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Thanks to savvy advertisers, athletes today are often awarded a car for their feats on the field. Often they'll donate their prize to their favorite charity, to offset the hit when the tax man comes calling. But in 1910, the player with baseball's highest batting average was rewarded with a new, highly sought-after Chalmers car. The vehicle's $1500 value actually exceeded the salaries of most players.
In The Chalmers Race: Ty Cobb, Napoleon LaJoie, and the Controversial 1910 Batting Title That Became a National Obsession, Rick Huhn tells the story of the batting contest that may have overshadowed the World Series. Huhn joined Bill Littlefield on Only A Game.
Highlights from Bill's Conversation with Rick Huhn
BL: During the 1910 season, there was controversy surrounding the record keeping itself. What was the state of the art of scorekeeping at baseball games in those days?
RH: It was pretty crude. The teams each appointed an official scorer. The official scorer had no formal training – he was one of the local sportswriters. As such, he was just one among many, because back in 1910 there were a number of newspapers per city, many more than we have today. So what you had was one sportswriter keeping score, with no more training than any of the others, sending those records or his opinions on the calls of the game to the league offices. Other writers would also keep score, and their box scores would appear in their papers, and might differ from the official record.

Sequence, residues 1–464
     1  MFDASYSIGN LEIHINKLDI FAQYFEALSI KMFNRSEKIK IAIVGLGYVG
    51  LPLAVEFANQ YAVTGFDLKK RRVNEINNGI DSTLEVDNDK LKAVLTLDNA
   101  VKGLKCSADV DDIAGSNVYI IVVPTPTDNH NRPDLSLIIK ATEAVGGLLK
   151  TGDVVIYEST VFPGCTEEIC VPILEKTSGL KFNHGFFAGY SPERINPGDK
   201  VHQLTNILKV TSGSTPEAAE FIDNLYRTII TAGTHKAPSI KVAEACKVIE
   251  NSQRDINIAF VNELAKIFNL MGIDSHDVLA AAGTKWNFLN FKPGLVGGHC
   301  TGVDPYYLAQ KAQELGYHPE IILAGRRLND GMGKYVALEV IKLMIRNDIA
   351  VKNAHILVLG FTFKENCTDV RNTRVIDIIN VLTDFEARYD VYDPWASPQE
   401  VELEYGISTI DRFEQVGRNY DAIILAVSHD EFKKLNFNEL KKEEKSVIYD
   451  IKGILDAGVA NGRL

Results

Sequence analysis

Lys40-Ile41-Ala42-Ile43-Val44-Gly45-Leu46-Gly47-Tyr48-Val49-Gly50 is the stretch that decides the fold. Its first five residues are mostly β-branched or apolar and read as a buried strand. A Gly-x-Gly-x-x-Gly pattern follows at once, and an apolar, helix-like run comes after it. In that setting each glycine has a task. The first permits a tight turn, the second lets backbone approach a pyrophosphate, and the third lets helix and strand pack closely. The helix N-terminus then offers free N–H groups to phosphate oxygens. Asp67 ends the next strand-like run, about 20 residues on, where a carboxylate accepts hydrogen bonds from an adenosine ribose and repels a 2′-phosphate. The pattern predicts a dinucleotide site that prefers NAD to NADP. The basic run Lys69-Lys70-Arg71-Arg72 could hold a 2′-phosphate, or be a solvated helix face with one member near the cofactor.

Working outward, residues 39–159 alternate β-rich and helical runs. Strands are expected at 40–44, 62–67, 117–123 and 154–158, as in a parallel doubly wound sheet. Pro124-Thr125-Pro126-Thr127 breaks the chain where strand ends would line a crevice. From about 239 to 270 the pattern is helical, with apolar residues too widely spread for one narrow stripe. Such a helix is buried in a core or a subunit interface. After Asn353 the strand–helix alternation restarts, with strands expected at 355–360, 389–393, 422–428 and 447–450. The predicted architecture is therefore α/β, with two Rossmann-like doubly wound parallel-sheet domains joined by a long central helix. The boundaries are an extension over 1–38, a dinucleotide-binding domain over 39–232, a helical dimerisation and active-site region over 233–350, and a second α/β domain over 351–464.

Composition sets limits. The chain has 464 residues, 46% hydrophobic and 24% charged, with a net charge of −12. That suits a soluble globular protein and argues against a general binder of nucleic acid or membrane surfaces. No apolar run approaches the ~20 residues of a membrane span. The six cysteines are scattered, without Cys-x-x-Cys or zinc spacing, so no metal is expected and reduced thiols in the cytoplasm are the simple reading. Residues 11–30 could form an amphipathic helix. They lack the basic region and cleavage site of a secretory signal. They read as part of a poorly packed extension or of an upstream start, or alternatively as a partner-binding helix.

BL: It seems to me that the real winner in the fall of 1910 was the Chalmers Motor Car Company. I wonder if any contest of that day or any other ever generated more publicity for a sponsor.
RH: Hugh Chalmers , who was a big baseball fan in addition to being a marketing genius, really made some pay on that one. But it was a car that was treasured. It was a sporty-looking model, and it was really an attractive-looking vehicle for its time.
BL: There is a happy ending here, right? Both guys ended up with a car.
RH: They did. And that, again, was Hugh Chalmers’ genius in that he saw an opportunity to make everybody happy. So, he gave away two vehicles, but in the end Napoleon Lajoie told everybody that he thought his vehicle drove just a little bit better than Ty Cobb’s.
Bill's Thoughts On The Chalmers Race: Ty Cobb, Napoleon LaJoie, and the Controversial 1910 Batting Title That Became a National Obsession
[sidebar title="Read An Excerpt" width="330" align="right"]Read an excerpt from Rick Huhn's The Chalmers Race: Ty Cobb, Napoleon LaJoie, and the Controversial 1910 Batting Title That Became a National Obsession.[/sidebar]Any story in which Ty Cobb is involved is likely to be a controversial story.
The extent to which Cobb irked his opponents (and many of his Detroit Tiger teammates, not to mention lots of fans, at least one of whom he beat up, as well as people who weren't white, several of whom he attacked) is critical to the story Rick Huhn tells in The Chalmers Race. Cobb and Napoleon Lajoie, a popular member of the Cleveland Indians, competed for the Major League batting championship in 1910. The winner would drive away in a Chalmers car. The chicanery and alleged chicanery inspired by that situation make for an entertaining tale. Rick Huhn ranks the episode among baseball's sketchiest.
Part of the fun of the book is that Huhn uses the term "hippodrome" to describe the way the members of the St. Louis Browns, Cleveland's late-season opponents, conspired to hand Lajoie hit after hit, attempting to insure the he, and not Cobb, would win the car. In those days, "hippodrome" was a term for a contest with a predetermined winner. The word could also serve as a verb, as in "the rascals hippodromed us."
It's not every day you learn a term current in 1910 that might be applicable to a contemporary game. Just sayin', I'll be on the lookout for a dubious contest, with fingers prepared to type "hippodrome."
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